Press Conference, March 25, 1924

Date: March 25, 1924

Location: Washington, D.C.

(Original document available here)

No further information has come to me about the McNary-Haugen Bill. I have some reports of experts – some on one side, and some on the other, some that I am waiting to come in.
I haven’t any information about the appointment of the former Governor of the Federal Reserve Board, W. G. P. Harding, with the League of Nations Commission No. 100. I don’t think that is anything that would come before the United States Government. It says here that it is possible he might decline the appointment, and whether in that case the name of Owen W. Boynton, or Frederick Delano, has been suggested. There has been no suggestion about any of this, so far as I know. I have seen some reports about Governor Harding in the press, but that matter is not a matter, so far as I know, that comes before our Government at all. I certainly haven’t any information about it.

I haven’t taken up with the State Department the matter of the appointment of a Mixed Claims Commission to determine claims between the U. S. and Austria and Hungary. Whether that is ripe for consideration is a matter about which I haven’t any information at the moment. I don’t recall ever having taken it up, though I don’t want to be too certain about that. It might have slipped my mind.

I have one or two inquiries about the amendment to the Naval Appropriations Bill for calling another Disarmament Conference to complete the work of the Washington Conference. Our Government has made no inquiries about that of foreign governments, so far as I know. I think I have stated once or twice my position about it. There were some things that our Government would we have been glad to do at the Washington Conference which we were unable to accomplish. It may be that there is an opportunity arising in the near future, though I don’t think it appears to be here at present, for taking up some of those questions and getting a solution to them. If that should appear to be the case, why it would be in order to consider it. My general opinion has been that in the present condition of Europe, it would not he of any use to approach them with any general suggestion about a disarmament conference, or a further disarmament conference, though I suppose everyone knows what the American position was and what the agenda proposed by the American Government required, and that some of those positions were not met, The American Government at the Present time I feel certain would be glad to have those positions met that were proposed at that time. I should think that the first thing to do would be to consider what would be the agenda at a conference of that kind. A general disarmament conference, I think would be hopeless of accomplishing very much at its very outset. Then there are other matters of consideration that might be taken up – undertaking to see what could be done about international laws, which our country had in mind for such a long time but on which it could not get any action.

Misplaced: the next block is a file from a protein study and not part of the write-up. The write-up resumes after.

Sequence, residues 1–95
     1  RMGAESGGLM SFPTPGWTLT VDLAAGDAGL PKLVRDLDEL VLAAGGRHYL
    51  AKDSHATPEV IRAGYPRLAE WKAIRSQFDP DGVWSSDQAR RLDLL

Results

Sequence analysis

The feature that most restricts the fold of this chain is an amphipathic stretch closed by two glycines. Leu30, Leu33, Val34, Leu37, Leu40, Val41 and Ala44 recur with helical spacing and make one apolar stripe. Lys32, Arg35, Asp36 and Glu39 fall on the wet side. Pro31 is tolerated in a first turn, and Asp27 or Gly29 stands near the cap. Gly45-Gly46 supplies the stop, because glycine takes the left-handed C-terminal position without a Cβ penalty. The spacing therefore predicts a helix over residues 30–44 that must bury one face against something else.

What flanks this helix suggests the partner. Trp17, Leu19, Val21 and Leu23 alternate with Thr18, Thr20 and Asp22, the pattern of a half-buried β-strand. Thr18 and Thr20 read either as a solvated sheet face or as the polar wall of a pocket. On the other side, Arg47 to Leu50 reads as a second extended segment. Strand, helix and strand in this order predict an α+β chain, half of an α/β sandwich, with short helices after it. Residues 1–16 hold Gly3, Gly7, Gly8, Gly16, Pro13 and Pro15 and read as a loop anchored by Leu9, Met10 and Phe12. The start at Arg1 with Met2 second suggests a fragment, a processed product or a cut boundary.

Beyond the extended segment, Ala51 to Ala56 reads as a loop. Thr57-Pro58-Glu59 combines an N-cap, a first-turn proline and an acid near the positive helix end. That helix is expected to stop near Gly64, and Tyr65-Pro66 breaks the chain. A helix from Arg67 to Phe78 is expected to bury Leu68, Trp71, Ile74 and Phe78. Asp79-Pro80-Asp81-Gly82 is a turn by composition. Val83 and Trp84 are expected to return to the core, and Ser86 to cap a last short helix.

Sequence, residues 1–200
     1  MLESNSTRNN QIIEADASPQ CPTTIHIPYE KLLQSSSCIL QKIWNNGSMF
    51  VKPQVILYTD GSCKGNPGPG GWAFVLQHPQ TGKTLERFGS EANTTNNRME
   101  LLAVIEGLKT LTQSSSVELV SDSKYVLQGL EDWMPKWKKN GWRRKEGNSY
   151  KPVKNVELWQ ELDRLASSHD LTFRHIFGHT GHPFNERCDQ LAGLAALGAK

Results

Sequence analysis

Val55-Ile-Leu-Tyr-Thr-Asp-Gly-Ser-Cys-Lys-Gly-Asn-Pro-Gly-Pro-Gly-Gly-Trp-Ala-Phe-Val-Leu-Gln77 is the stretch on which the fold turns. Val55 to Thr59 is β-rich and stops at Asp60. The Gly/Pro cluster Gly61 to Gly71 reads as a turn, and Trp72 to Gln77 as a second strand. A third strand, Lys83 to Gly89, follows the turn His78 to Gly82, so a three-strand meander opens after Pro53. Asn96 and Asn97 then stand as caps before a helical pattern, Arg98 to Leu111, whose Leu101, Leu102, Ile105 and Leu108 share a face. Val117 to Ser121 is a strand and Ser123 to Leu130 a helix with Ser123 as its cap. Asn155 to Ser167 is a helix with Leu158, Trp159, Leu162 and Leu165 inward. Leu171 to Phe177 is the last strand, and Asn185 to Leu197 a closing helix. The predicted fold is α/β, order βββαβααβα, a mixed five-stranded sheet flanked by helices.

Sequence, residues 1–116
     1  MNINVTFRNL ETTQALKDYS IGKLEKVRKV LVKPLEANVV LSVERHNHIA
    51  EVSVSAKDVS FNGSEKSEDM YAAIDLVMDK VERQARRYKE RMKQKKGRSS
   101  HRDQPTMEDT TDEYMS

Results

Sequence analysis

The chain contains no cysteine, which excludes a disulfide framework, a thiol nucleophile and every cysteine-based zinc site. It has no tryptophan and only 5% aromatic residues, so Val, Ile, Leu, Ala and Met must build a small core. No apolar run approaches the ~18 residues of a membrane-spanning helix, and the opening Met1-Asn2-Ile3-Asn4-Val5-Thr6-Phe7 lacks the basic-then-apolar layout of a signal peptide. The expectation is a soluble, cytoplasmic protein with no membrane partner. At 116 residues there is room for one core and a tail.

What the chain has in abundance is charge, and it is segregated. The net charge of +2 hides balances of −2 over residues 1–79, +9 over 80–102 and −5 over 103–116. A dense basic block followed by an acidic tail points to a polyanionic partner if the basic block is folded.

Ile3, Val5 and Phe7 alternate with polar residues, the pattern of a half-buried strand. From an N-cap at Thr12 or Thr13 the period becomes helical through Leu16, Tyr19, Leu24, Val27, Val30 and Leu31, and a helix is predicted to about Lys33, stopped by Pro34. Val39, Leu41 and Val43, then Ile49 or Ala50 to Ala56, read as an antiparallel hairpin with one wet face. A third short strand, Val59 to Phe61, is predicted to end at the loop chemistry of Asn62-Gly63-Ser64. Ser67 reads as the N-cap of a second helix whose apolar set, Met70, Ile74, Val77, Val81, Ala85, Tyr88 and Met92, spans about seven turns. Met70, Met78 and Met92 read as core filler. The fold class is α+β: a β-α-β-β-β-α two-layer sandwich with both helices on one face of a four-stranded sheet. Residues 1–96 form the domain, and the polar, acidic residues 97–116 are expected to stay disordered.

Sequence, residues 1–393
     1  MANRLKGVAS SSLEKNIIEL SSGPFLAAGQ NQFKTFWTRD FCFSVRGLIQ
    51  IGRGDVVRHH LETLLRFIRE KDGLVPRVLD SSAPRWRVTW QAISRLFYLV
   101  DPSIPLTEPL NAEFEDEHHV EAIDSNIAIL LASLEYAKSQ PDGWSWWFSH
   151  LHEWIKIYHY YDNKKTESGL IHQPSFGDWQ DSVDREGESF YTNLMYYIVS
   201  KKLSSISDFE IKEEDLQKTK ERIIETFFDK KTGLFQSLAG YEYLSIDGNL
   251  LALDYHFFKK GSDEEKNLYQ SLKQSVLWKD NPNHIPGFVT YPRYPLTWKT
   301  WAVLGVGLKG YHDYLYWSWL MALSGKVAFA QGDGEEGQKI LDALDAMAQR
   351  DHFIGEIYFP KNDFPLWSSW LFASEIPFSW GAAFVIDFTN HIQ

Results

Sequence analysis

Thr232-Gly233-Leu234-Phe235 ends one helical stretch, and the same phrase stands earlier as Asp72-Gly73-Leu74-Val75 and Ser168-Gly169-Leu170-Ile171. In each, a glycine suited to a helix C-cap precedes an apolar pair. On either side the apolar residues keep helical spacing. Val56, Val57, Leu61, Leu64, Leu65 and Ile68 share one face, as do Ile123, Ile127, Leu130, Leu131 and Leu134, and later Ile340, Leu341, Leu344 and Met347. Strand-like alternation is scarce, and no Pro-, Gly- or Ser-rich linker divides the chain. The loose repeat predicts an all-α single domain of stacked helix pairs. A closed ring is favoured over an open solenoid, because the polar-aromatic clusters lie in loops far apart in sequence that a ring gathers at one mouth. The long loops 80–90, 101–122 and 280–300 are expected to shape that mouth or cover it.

J . Weston Allen of Massachusetts I suppose was in town on some Federal matters that he had. He dropped in to see me – a personal call.

I imagine the postmaster at Boston will be appointed very soon.

The Secretary of Agriculture reported at today’s Cabinet meeting that the foot and mouth disease had broken out afresh in one or two different places in California, and this would probably make necessary the expenditure of considerable money there to stamp it out. He thought it was under control in California and had lifted the embargo on transportation of cattle within the State. It has broken out in a rather disturbing fashion in counties at least some distance away from where it first broke out.

I don’t know who will have charge of the contempt proceedings in the case of Harry F. Sinclair. I suppose they will proceed in the usual way that those cases proceed. I don’t recall ever having noticed one of those cases before. I suppose the general way is to certify to the District Attorney of the District of Columbia, who then takes charge of it. I haven’t any definite knowledge about it.

Senator Lodge dropped in on his way up to the Capitol to confer about general legislative matters.

I don’t know as I can give much of any information about the tariff rate on sodium nitrate. There are some people interested in that, in the State of Washington, who called on me a day or two ago and I told them that I would be very glad to give them any possible assistance that I could. I think the difficulty has arisen from the fact that the Tariff Commission is unable to ascertain the cost of manufacture abroad. Manufacturers abroad have declined to permit them to inspect their works or plant, or whatever may be necessary, so that they find a great deal of difficulty in finding what the cost of production abroad and at home is. I believe a letter was left for me which I was to take up with the Tariff Commission.

Citation: Calvin Coolidge: Remarks by the President to Newspaper Correspondents 

The Coolidge Foundation gratefully acknowledges the volunteer efforts of Tamara Harken who prepared this document for digital publication.

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